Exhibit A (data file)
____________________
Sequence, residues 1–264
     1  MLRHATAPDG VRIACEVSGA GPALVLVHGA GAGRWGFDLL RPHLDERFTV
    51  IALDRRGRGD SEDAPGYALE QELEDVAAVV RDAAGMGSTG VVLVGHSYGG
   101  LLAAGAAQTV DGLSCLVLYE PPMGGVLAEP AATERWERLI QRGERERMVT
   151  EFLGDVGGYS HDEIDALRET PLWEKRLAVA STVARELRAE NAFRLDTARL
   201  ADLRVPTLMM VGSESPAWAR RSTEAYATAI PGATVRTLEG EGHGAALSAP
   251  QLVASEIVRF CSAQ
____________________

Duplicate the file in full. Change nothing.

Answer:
Sequence, residues 1–264
     1  MLRHATAPDG VRIACEVSGA GPALVLVHGA GAGRWGFDLL RPHLDERFTV
    51  IALDRRGRGD SEDAPGYALE QELEDVAAVV RDAAGMGSTG VVLVGHSYGG
   101  LLAAGAAQTV DGLSCLVLYE PPMGGVLAEP AATERWERLI QRGERERMVT
   151  EFLGDVGGYS HDEIDALRET PLWEKRLAVA STVARELRAE NAFRLDTARL
   201  ADLRVPTLMM VGSESPAWAR RSTEAYATAI PGATVRTLEG EGHGAALSAP
   251  QLVASEIVRF CSAQ